“You have beautiful hair. Is this about trying to fit in?”
“I don’t care about fitting in.”
They both knew it was a lie.
Lauren picked her words carefully. “Honey, I know it’s hard when you’re teased, but it happens to a lot of people and—”
“That does not help, by the way. It makes no difference to me how many other people have been through it.” Nonchalance barely masked the pain and Lauren felt the pain as if it were her own.
“Your individuality is the thing that makes you special. And you need to remember that most people are thinking about themselves, not anyone else.” She decided that this wasn’t the time to raise the school issue again. “I know you’re upset. Has something else happened?”
“You mean apart from the fact that my mother is always on my case?”
“I’m trying to be supportive. We’ve always been able to talk about anything and everything.”
Mack scooped up her phone. “Yeah, right. Anything and everything. No secrets in this house.”
Her tone made Lauren feel uneasy.
“I need to get ready for school. My mother had a place at an Ivy League college, so nothing short of Oxford or Cambridge is going to be good enough for me. Education is everything, right?”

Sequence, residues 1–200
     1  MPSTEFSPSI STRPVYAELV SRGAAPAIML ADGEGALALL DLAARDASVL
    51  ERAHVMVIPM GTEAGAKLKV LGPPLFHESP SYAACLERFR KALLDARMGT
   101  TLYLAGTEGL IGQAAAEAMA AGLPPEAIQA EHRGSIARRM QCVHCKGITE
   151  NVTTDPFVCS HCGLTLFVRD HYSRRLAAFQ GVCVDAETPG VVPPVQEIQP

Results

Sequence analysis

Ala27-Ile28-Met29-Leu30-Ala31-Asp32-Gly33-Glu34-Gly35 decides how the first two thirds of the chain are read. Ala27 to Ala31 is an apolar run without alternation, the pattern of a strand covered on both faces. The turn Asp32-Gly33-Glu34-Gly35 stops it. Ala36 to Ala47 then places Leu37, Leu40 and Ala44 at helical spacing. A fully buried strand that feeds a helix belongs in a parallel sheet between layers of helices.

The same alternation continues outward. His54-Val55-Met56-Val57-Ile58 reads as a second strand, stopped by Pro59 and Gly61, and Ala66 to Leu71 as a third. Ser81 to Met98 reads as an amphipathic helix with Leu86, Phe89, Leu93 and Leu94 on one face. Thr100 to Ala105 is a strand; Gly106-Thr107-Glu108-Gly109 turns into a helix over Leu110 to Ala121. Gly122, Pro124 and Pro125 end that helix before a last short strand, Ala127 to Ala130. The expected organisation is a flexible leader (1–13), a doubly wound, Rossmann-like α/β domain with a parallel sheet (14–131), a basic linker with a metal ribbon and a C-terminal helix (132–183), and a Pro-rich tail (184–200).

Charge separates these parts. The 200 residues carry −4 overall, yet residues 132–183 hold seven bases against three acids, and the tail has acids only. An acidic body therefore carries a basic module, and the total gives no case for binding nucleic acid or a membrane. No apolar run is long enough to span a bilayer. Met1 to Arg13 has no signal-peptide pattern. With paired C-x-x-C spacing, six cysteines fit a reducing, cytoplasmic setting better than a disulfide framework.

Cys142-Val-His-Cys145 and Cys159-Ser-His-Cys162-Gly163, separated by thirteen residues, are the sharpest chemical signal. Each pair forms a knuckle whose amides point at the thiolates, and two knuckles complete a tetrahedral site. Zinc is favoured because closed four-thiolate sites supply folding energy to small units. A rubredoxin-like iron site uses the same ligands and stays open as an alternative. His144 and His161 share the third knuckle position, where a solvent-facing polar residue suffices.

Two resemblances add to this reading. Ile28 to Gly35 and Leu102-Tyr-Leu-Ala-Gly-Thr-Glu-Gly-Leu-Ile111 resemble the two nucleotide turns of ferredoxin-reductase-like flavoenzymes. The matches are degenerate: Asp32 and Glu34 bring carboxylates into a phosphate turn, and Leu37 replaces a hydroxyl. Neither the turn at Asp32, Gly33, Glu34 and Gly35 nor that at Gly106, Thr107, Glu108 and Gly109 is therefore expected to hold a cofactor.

It was too early in the morning to deal with teenage attitude. Lauren opened her mouth to remind her to wish her father a happy birthday, but Mack was gone.
Another slammed door. Her world seemed full of them.
No secrets in this house.
Feeling a burn of stress behind her rib cage, she took herself downstairs to the basement gym they’d installed and tried to run off her anxiety on the treadmill. She flicked on CNN, giving herself a taste of home.
Storms in Alabama. An alligator thirty feet long in Florida. A shooting in Brooklyn.
A wave of homesickness almost knocked her flat. She yearned for morning runs on South Beach, the smell of the sea, the taste of seafood caught fresh that morning, the sight of the sun setting near her sister’s house in Menemsha.
Twenty minutes later Ed appeared. He was dressed in cycling gear and had his phone in his hand.
Lauren breathed a sigh of relief. This was routine. Ed cycled to the office and changed once he got there, and it seemed that today was no different except that he was running later than usual.
“Have a great day, birthday boy.” When he didn’t answer, she muted CNN and slowed the treadmill until it stopped. “You seem really distracted today. Does it bother you being forty?”
“What?” He glanced up from his emails.
“Forty.” Maybe she’d treated the whole thing too lightly. She needed to make sure he knew he was still handsome and desirable. More sex wouldn’t hurt. Sometimes the days slipped past and she’d realize it had been a week. Sometimes longer. The truth was sex between them had always been comfortable rather than urgent.
Was that normal? She had no idea because it wasn’t a topic she’d dream of discussing with friends.
Maybe he was having an affair?